The contract modification added the requirement for SpaceX to conduct joint training with the U.S. Air Force’s 45th Operations Group Detachment 3 (DET-3) for the first six commercial Crew Dragon launches.

DET-3 forces are placed on alert at Patrick Air Force Base in Florida, Joint Base Charleston in South Carolina and Joint Base Pearl Harbor-Hickam in Hawaii in case Crew Dragon astronauts need to be rescued due to a mishap.

Crew Dragon and its booster’s first stage are designed for reuse. A Falcon 9 first stage landed on an offshore drone ship on Thursday after launching for the fifth time. Cargo Dragon vehicles has flow to ISS multiple times.

SpaceX Demo-2 Astronauts Get to Work on Space Station Science

The Expedition 63 crew has expanded to five members with the arrival of the SpaceX Crew Dragon. (From left) Anatoly Ivanishin, Ivan Vagner, Chris Cassidy, Bob Behnken and Doug Hurley. (Credit: NASA TV)

KENNEDY SPACE CENTER, Fla, (ISS National Lab PR) – At a time when so many feel isolated, the world came together with hopeful energy on Saturday to watch as two American astronauts were launched into orbit from U.S. soil for the first time in nearly a decade—and for the first time ever onboard a commercially owned spacecraft.

The successful SpaceX Demo-2 launch and docking, which carried NASA astronauts Doug  Hurley  and Robert Behnken from the Space Coast of Florida to the International Space Station (ISS), not only initiated a new era in American spaceflight but also rekindled the wonder and excitement of sending humans into space. Now, the two astronauts are getting to work in their new residence.

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Crew Dragon Astronauts Welcomed Aboard Space Station

The Expedition 63 crew welcomes Bob Behnken and Doug Hurley to the International Space Station. (Credits: NASA / Bill Stafford)

HOUSTON (NASA PR) — NASA astronauts Robert Behnken and Douglas Hurley arrived at the International Space Station on Sunday aboard the first commercially built and operated American spacecraft to carry humans to orbit, opening a new era in human spaceflight.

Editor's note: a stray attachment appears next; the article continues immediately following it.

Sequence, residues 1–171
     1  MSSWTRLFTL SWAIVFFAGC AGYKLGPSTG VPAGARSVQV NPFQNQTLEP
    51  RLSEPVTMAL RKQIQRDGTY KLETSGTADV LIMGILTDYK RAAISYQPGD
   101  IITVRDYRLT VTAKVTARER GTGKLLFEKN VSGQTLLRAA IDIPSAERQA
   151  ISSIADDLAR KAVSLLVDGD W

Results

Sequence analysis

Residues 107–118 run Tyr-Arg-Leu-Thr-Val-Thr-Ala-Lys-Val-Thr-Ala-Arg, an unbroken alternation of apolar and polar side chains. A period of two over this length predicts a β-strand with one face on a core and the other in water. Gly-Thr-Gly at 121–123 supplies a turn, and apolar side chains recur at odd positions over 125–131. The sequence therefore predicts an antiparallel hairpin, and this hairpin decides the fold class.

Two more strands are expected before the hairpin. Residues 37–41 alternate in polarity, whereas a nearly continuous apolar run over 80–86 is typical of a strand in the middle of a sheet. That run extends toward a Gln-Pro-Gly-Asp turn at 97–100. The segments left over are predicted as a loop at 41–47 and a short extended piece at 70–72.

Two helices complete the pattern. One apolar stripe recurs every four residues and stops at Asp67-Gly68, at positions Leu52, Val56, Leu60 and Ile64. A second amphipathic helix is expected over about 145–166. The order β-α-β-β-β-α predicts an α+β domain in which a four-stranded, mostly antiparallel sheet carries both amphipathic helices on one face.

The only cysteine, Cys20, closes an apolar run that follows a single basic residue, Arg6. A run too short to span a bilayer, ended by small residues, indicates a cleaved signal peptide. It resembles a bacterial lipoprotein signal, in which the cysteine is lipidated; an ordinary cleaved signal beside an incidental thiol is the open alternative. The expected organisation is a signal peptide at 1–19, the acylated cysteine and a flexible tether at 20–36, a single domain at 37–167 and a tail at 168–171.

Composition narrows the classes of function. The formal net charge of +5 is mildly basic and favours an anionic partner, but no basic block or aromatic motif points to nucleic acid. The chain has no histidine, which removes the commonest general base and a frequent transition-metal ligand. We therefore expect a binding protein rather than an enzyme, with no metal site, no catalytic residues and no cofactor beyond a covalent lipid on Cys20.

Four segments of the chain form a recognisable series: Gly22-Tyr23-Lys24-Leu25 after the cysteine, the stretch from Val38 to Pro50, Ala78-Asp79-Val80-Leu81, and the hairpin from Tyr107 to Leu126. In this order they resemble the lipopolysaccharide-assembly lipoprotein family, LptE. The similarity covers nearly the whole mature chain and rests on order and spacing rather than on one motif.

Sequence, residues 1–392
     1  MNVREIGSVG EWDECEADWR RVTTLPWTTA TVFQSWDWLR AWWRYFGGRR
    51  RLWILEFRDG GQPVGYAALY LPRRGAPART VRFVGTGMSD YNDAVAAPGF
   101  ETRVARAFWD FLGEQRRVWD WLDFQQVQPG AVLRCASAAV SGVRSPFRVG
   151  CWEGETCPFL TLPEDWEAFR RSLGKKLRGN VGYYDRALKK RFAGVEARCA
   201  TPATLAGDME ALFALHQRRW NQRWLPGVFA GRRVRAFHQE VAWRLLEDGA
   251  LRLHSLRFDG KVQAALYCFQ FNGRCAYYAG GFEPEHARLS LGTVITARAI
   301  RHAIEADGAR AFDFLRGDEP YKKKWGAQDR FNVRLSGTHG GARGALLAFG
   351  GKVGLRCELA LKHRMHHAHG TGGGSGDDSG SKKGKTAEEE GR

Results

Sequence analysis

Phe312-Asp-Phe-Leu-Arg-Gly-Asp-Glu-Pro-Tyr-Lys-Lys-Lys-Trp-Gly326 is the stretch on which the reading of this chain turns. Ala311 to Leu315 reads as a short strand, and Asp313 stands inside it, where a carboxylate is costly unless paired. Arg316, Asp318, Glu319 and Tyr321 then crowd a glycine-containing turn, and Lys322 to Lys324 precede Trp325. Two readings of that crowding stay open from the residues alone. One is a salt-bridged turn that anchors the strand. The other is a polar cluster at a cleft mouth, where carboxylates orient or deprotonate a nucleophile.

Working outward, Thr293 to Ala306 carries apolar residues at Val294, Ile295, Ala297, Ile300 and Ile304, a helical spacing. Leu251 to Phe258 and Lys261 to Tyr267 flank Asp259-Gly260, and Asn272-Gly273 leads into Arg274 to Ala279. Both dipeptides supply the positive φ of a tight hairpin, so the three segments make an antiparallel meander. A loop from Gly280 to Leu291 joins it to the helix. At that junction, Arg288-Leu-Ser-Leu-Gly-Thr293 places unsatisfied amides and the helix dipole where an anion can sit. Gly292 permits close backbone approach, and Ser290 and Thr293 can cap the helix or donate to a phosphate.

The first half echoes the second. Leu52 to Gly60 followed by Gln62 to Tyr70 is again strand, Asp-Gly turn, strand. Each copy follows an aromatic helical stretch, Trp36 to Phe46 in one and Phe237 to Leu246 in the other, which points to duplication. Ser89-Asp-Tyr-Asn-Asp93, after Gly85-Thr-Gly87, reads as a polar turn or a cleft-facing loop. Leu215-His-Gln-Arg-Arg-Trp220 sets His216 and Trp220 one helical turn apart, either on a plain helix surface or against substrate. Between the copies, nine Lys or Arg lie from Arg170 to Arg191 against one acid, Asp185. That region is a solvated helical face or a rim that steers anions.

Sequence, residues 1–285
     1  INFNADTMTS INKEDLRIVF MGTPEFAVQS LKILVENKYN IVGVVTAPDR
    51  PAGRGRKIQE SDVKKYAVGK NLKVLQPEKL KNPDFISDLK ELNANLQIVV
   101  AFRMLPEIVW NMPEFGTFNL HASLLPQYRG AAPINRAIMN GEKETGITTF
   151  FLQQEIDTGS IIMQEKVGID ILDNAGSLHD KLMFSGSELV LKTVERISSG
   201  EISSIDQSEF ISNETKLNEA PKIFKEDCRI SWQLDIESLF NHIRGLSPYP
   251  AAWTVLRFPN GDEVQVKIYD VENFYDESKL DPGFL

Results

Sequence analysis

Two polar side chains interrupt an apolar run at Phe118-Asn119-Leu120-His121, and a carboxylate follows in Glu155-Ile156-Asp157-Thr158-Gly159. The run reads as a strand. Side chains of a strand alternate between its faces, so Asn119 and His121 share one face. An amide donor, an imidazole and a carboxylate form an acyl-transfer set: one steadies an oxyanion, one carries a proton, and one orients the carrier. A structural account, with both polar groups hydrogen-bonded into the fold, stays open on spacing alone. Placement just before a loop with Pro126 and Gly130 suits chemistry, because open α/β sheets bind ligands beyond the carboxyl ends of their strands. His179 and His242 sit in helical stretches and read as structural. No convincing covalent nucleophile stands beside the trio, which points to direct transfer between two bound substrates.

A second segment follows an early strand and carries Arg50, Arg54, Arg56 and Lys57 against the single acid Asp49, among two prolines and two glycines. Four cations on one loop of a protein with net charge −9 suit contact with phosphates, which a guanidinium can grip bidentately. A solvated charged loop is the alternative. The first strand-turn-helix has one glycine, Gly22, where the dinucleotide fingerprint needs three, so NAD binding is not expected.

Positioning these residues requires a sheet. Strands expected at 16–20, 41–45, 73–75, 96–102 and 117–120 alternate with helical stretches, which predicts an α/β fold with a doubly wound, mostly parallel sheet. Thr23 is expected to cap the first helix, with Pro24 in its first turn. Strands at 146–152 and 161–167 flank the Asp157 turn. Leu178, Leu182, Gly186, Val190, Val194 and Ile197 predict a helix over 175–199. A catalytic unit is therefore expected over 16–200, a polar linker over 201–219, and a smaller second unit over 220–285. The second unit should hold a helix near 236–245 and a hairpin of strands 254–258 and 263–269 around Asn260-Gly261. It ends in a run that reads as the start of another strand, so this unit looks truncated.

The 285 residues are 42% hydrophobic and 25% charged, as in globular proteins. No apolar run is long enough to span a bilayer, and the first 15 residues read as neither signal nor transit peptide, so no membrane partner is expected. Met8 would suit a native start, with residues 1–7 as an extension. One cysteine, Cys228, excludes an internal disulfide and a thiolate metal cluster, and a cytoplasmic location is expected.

The pair of astronauts docked to the space station’s Harmony module at 10:16 a.m. EDT Sunday as the microgravity laboratory flew 262 miles above the border northern China and Mongolia.

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SpaceX Crew Dragon Demo-2 Weather Forecast Improves

Credit: 45th Weather Squadron

The probability of violating weather constraints has dropped from 60 percent to 50 percent for Saturday. The probability of a weather violation for a Sunday launch has dropped from 60 percent to 40 percent.

NASA Updates Coverage for Crew Dragon Launch on Saturday

NASA astronauts Douglas Hurley, left, and Robert Behnken, wearing SpaceX spacesuits, are seen in the Tesla taking them to the launch pad for a dress rehearsal of their upcoming flight. (Credit: NASA/Bill Ingalls)

KENNEDY SPACE CENTER, Fla. (NASA PR) — NASA will provide live coverage of prelaunch and launch activities for the agency’s SpaceX Demo-2 test flight, carrying NASA astronauts Robert Behnken and Douglas Hurley to the International Space Station.

NASA and SpaceX now are targeting 3:22 p.m. EDT Saturday, May 30, for the launch of the first commercially built and operated American rocket and spacecraft carrying astronauts to the space station. The first launch attempt, on May 27, was scrubbed due to unfavorable weather conditions.

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Crew Dragon Launch Scrubbed for Weather; Next Window Opens Saturday

NASA astronauts Douglas Hurley, left, and Robert Behnken, wearing SpaceX spacesuits, are seen as they depart the Neil A. Armstrong Operations and Checkout Building for Launch Complex 39A during a dress rehearsal prior to the Demo-2 mission launch, Saturday, May 23, 2020, at NASA’s Kennedy Space Center in Florida. (Credit: NASA/Bill Ingalls)

The first SpaceX Crew Dragon mission with astronauts aboard was scrubbed on Wednesday due to weather constraints. The company was not able to meet its instantaneous launch window at 4:33 p.m. EDT.

The next attempt to launch NASA astronauts Doug Hurley and Bob Behnken to the International Space Station will occur on Saturday, May 30 at 3:22 p.m. EDT. There is a backup window the following day.

Until the launch was scrubbed, the launch countdown has proceeded smoothly at NASA’s Kennedy Space Center in Florida.

Hurley and Behnken are due to fly Crew Dragon on a flight test to the space station. Their stay there will last from six weeks to about four months.

The Demo-2 flight test is the last hurdle before Crew Dragon will be certified to carry astronauts to the station on a commercial basis.

Crew Dragon Flight Readiness Review is Underway

On May 21, 2020, inside the Operations Support Building II at NASA’s Kennedy Space Center in Florida, NASA and SpaceX managers participate in a flight readiness review for the upcoming Demo-2 launch. (Credit: NASA/Kim Shiflett)

KENNEDY SPACE CENTER, Fla. (NASA PR) — NASA and SpaceX managers are gathered at the agency’s Kennedy Space Center in Florida today, with some participating remotely to maintain physical distance, for the Demo-2 Flight Readiness Review (FRR).

SpaceX will launch a Falcon 9 rocket carrying NASA astronauts Robert Behnken and Douglas Hurley aboard the company’s Crew Dragon spacecraft to the International Space Station. Liftoff is planned for 4:33 p.m. EDT on Wednesday, May 27, from Launch Complex 39A at Kennedy.